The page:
Self Employed. Creative. Mother.

There is one question that other makers / creatives, usually of the female variety, ask me “how do you do it?” be a full time mother and run a business at the same time. My answer usually consists of shoulder shrugging and mumblings of it’s hard work and I don’t really know!

For those of you that are interested here is my more thought out answer!…

I’ve been a creative probably forever, I’ve always drawn tiny things, been obsessed with making things, cutting and sticking, colours, writing lists and stationery in general. I also love ideas, long thought out idea’s, researching, looking and gathering visual information and ideas that simply pop into your head and I am compelled to act on them!

If you put these things together I think that you get a jewellery designer, my career wasn’t planned or thought out, it just came about with what I did along the way, accident, compulsion, obsession, hard work and laziness, all play a part in Rock Cakes.


So I have a husband and I wanted a baby. When I fell pregnant my life was at the point where I had been self employed for almost two years, Rock Cakes was a website and a few collections of precious jewellery. I had a few customers, a trickle of sales and lots of time, then I had Matilda. My husband (a self employed photographer) and I never spoke about future work plans, who would make the money, who would look after the baby, who would do the housework, looking back I’m quite surprised that it was never discussed, we just got on with it. I guess with the assumption that I would stay at home and work when I could and he would continue with his career and be the main earner.


When Matilda was shiny and new she slept a lot, I was doing new things, buying baby clothes and toys, being awake all night and drinking coffee again, my mind was all pingy with new thoughts and ideas that fed my creative compulsion. I was at home a lot which meant I had time to play online and mostly on Etsy, whilst little Matilda was snoozing.

I slowly filled up my Etsy store with listings of my collections, one day I had a “ping” and it was an $800 Etsy sale, it was literally at that moment when I realised that running a business and looking after my daughter full time could work. I knew then that if I wanted to continue to make precious jewellery there was no way that I could do it myself, blow torches and babies don’t mix, so I took a leap of faith and employed somebody one day a week to make my designs, that way I could focus my time on Etsy and general promotion.

I also began to make laser cut jewellery at this point, I can’t actually remember why I did, probably a combination of still wanting to make things myself, have some lower priced products for my Etsy store and to realise some ideas that I had. I googled laser cutters in the uk, emailed them about working on my designs and began production of pieces that I could work on at home. I took part in an Open House when Matilda was eight weeks old (which in hindsight was a bit silly). I got my work into a little handmade gallery in on St James Street, which turned out to be Kirstin Stride‘s cooperative shop and I began to do maker fairs on the weekends.

I went to “hello Etsy” in Berlin, got my jewellery into one Conde Nast publication (just the one so far!…), helped in the running of Craftaganza and organised the Craftaganza Live events. I also began stocking a few galleries across the UK.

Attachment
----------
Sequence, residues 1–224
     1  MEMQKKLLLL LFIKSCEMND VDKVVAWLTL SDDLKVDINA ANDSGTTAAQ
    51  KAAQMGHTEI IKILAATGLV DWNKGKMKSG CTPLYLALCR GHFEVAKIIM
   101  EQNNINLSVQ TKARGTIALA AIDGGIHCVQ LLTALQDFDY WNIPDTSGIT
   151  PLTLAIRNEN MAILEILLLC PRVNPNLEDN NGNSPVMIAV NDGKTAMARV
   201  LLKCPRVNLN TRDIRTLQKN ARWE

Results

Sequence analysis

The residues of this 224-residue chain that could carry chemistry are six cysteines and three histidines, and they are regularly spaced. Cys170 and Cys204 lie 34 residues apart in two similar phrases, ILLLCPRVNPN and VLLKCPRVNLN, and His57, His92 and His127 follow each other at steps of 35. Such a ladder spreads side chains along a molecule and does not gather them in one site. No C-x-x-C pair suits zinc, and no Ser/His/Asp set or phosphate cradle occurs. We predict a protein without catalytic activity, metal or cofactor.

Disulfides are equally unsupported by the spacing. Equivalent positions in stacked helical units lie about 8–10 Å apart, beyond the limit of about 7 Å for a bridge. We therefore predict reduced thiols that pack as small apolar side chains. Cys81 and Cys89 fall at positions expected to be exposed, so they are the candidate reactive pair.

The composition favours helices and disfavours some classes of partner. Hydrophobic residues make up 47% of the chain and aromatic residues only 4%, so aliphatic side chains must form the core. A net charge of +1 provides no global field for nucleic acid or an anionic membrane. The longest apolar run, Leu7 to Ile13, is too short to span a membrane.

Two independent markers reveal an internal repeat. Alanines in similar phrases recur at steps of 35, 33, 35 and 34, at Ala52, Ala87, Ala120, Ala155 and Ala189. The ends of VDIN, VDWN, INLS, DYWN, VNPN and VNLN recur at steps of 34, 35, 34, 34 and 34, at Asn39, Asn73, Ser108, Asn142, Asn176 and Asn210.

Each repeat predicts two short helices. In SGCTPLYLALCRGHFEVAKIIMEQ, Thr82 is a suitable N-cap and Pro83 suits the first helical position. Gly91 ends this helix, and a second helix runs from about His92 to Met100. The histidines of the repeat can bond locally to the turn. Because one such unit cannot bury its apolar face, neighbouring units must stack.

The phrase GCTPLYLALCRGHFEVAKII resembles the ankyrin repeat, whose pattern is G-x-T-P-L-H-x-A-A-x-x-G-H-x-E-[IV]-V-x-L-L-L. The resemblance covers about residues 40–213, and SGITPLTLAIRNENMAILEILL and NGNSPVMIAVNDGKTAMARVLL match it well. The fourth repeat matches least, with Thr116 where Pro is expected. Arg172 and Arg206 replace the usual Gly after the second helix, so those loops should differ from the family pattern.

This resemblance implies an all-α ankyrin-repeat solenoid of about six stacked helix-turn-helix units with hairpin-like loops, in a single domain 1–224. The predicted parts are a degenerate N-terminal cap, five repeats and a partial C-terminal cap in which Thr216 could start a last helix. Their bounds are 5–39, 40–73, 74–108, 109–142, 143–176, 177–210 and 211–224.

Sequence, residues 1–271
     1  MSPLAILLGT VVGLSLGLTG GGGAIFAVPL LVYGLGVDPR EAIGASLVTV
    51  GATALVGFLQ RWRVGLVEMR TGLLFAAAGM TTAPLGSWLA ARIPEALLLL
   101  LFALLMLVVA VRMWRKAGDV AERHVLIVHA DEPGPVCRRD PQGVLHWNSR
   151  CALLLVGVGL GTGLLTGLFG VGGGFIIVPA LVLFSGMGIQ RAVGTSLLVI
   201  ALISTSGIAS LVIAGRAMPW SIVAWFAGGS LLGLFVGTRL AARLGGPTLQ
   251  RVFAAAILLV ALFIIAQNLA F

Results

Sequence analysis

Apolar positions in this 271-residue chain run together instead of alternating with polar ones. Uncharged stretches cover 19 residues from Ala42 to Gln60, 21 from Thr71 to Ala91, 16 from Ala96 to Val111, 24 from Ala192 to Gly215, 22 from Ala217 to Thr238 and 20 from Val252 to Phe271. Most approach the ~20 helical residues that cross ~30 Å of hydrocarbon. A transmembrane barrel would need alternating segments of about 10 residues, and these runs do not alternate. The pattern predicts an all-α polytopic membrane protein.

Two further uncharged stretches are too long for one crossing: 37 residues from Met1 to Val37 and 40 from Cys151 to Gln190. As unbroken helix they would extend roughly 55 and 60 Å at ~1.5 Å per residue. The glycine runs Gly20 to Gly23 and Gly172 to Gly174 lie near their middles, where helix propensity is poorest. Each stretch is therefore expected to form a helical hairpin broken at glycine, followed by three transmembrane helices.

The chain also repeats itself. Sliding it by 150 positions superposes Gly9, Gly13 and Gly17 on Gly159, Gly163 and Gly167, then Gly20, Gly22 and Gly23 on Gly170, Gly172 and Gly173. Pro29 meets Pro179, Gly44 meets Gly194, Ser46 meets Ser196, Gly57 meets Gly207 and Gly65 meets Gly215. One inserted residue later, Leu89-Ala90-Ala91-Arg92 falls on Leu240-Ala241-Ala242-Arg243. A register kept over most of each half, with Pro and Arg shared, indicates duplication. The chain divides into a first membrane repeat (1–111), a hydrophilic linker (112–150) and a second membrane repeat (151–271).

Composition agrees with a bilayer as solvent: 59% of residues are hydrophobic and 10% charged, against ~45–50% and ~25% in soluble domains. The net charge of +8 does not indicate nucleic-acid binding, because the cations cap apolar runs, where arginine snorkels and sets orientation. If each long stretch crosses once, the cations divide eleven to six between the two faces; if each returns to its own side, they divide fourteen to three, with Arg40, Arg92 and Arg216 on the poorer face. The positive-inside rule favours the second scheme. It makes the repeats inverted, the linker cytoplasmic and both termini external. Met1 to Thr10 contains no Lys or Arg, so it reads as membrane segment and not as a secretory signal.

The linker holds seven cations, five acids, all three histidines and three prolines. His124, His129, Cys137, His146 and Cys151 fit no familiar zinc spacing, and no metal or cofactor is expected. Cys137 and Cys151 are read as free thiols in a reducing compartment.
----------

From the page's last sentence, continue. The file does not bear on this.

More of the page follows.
Matilda by this time was growing more and sleeping less, becoming more amusing and also needing more attention. My creative desire is quite strong and there were times when I felt I could not do the amount of work I needed to in order to have my business reaching its full potential. Finding a balance and not feeling frustrated was sometimes really hard.

I have followed my head and heart at the same time, most of the cuts in my time have been to other activities such as less time with family and friends, no television, no reading of fiction, less shopping, sometimes less meals and way, way less sleeping. There have been moments, especially in the lead up to Christmas and one particularly horrendous week last summer, where I have been taken to the edge of my capabilities both physically and mentally but I wouldn’t change what I do for the world.

I have not missed one thing that my daughter has done, her first steps, first words, first drawings, first jokes. Matilda is calm, confident, cleaver and loves making things too. I have not upset any customers, been late with any orders and my business is growing.


As I write this Matilda is just settling into pre-school so I have more time to work. I have a sense of relief, guilt (for having a sense of relief!), excitement that both of us to have new chapters of our lives beginning and a little pang in my heart that my baby is not a baby anymore and my selfish days of having her all to myself are fewer.

So being a self-employed creative and a full time mother at the same time is doable, especially with internet sites such as Etsy getting more and more popular. You’ve just got to love being creative, learn to manage little pockets of time and be prepared to allocate less time to other aspects of your life.

what ever the weather

My plan now is to work incredibly hard on the business that I love, be a good leader for the Brighton Etsy Team and always be waiting at the gates when Matilda finishes school.

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One Response to Self Employed. Creative. Mother.

  1. Roz says:

    You are an inspiration my love! xxx

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